Theresienmesse

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Maria Theresa of the Two Sicilies, for whom the Theresienmesse is nicknamed

Theresienmesse (H. 22/12) is a Mass in B flat major written by Joseph Haydn and named after Maria Theresa of the Two Sicilies, empress consort of Francis II. The empress herself was the soprano soloist at private performances of both The Creation and The Seasons in May 1801 at the Viennese Court.[1] The title does not appear on the autograph score, which is labeled simply with the Latin word "Missa".

Between 1796 and 1802, Haydn composed six Masses to celebrate the name-day of Princess Maria Hermenegild (1768-1845), who was the wife of his patron Prince Nikolaus Esterhazy II. The Theresienmesse, written in 1799, belongs in this series. The work is thought to have been premiered on 8 September 1799.[2] The location was the Bergkirche, near the Esterházy family seat in Eisenstadt, Austria.

The Mass is scored for solo quartet, chorus, strings, two clarinets, two trumpets, timpani and organ continuo. Concerning the paucity of winds (no oboes, bassoons, horns, or flutes) John W. Ehrlich has written:[2]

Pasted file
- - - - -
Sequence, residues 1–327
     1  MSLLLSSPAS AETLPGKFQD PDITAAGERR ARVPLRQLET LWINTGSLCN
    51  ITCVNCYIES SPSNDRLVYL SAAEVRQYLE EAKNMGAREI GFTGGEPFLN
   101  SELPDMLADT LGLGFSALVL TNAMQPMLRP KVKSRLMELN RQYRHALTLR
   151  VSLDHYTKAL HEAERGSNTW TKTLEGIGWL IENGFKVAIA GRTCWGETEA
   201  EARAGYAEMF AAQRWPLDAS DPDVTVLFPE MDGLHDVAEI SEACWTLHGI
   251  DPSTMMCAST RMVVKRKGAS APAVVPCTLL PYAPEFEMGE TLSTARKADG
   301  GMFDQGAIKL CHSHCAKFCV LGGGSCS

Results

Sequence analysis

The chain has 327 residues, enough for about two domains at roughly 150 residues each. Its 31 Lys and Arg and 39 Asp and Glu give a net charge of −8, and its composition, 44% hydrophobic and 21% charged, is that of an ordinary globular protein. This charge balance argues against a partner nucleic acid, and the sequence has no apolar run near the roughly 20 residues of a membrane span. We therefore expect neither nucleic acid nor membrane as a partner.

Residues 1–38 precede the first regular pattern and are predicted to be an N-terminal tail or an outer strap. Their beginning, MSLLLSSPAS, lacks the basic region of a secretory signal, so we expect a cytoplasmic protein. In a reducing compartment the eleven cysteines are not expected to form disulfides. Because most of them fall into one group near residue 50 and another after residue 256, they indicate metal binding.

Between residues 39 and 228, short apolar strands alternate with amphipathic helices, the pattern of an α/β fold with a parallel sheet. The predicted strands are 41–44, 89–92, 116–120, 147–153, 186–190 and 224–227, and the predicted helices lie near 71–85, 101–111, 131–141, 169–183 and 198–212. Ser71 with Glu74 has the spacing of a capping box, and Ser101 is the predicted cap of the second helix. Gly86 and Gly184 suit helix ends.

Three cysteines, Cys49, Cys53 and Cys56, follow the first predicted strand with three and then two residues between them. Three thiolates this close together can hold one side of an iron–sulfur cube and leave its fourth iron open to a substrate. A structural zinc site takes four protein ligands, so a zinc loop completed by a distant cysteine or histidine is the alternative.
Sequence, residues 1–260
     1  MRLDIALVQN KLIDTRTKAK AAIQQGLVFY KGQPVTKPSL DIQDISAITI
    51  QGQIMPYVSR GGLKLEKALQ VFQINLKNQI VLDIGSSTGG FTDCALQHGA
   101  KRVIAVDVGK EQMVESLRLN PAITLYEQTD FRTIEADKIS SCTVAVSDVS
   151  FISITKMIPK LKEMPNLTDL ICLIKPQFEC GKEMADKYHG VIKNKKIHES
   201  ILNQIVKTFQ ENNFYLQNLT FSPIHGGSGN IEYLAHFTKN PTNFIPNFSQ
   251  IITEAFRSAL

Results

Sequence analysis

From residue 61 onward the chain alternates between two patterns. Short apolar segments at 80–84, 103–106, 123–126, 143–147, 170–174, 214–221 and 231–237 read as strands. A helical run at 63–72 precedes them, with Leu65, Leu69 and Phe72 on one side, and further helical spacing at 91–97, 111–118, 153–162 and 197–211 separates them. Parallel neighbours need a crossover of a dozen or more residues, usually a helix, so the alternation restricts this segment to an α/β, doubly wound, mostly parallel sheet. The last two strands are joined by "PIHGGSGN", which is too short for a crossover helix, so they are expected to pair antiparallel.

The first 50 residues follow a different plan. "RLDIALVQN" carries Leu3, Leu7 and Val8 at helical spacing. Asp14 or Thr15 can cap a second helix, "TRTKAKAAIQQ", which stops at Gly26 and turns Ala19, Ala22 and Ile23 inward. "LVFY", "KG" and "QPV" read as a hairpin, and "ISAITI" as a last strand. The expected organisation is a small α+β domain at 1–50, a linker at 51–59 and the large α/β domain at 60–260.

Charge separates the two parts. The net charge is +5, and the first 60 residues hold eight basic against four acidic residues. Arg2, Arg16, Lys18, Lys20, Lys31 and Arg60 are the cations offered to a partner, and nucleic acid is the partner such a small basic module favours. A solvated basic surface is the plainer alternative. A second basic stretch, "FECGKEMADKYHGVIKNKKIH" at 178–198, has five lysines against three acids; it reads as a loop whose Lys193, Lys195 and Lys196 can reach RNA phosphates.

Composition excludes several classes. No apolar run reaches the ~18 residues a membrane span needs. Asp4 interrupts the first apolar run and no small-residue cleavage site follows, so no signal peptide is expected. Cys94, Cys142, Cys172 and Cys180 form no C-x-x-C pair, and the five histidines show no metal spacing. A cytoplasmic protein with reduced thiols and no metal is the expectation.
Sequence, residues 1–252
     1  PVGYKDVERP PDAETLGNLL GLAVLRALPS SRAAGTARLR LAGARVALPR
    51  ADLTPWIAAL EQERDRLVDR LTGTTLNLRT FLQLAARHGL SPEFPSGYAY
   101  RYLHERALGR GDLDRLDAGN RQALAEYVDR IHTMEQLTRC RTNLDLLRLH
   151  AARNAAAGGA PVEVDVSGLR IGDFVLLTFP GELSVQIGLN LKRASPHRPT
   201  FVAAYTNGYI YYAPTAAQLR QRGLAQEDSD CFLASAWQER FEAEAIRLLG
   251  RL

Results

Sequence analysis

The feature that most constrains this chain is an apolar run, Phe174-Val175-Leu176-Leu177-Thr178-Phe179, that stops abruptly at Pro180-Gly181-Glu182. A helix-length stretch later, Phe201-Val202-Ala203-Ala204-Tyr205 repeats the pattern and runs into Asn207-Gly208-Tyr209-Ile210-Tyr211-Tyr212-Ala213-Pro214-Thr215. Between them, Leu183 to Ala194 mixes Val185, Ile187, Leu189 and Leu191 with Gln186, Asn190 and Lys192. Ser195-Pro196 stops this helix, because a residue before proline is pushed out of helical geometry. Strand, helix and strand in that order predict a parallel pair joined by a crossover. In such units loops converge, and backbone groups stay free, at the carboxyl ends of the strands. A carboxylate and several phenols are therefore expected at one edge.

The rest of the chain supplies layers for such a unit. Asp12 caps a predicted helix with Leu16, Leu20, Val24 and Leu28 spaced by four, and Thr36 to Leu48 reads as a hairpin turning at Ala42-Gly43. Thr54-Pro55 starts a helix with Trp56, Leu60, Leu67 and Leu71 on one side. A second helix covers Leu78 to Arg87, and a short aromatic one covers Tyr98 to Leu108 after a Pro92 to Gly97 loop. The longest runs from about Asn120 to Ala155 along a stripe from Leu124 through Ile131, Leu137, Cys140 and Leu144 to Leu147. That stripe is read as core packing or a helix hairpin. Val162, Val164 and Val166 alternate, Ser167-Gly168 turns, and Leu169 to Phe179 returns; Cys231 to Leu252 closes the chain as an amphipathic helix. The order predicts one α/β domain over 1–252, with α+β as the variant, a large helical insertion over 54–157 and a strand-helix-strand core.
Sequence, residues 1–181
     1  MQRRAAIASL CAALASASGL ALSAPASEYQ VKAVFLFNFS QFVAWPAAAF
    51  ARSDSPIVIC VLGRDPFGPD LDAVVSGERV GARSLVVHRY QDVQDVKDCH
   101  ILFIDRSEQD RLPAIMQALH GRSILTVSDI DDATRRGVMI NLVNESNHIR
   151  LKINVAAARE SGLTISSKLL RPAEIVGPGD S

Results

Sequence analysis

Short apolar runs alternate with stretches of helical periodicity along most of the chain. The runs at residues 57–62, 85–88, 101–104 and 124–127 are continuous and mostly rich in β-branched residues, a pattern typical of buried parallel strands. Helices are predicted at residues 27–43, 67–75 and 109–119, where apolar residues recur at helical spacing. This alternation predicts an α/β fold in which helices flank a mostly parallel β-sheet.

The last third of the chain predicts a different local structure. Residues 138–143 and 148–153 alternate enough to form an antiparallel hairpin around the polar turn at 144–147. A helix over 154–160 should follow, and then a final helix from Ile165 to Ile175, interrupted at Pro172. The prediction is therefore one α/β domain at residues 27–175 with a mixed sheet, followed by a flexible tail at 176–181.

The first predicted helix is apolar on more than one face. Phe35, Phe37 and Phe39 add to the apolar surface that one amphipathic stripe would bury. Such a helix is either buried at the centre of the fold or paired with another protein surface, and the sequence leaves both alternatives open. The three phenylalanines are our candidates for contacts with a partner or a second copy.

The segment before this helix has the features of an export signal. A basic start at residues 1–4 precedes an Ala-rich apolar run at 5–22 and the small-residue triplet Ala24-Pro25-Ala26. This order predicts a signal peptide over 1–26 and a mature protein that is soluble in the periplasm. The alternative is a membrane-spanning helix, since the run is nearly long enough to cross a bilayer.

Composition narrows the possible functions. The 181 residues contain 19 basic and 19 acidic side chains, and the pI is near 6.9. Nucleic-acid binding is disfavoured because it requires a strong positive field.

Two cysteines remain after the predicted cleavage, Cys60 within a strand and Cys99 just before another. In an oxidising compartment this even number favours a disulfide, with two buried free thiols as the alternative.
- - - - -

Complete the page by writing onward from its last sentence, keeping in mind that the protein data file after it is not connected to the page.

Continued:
The drastic reduction of the wind choir ... is unusual. We are indebted to [Haydn scholar Carl Maria] Brand for an explanation: a shortage of wind players at Eisenstadt in 1798 and 1799. This is why the Nelsonmesse, in its original version, also lacks winds. But Haydn has turned this lack into a virtue, the ensemble in each case imparting to the work a unique aura or personality that sets it off from its neighbors: in the Nelsonmesse the hard, metallic, fiery brilliance of D trumpets and solo organ; in the Theresienmesse the mellow glow and at times darkish hues of the B-flat instruments.

While probably not as frequently performed as its companions the "Nelson" mass or the Missa in tempore belli, the Theresienmesse has attracted critical admiration; Ehrlich for instance refers to it as an "extraordinary work."[2] Another commentator writes, "Haydn’s choral writing has all the variety, rhythmic energy and contrapuntal skill of a composer at the height of his powers."[1]

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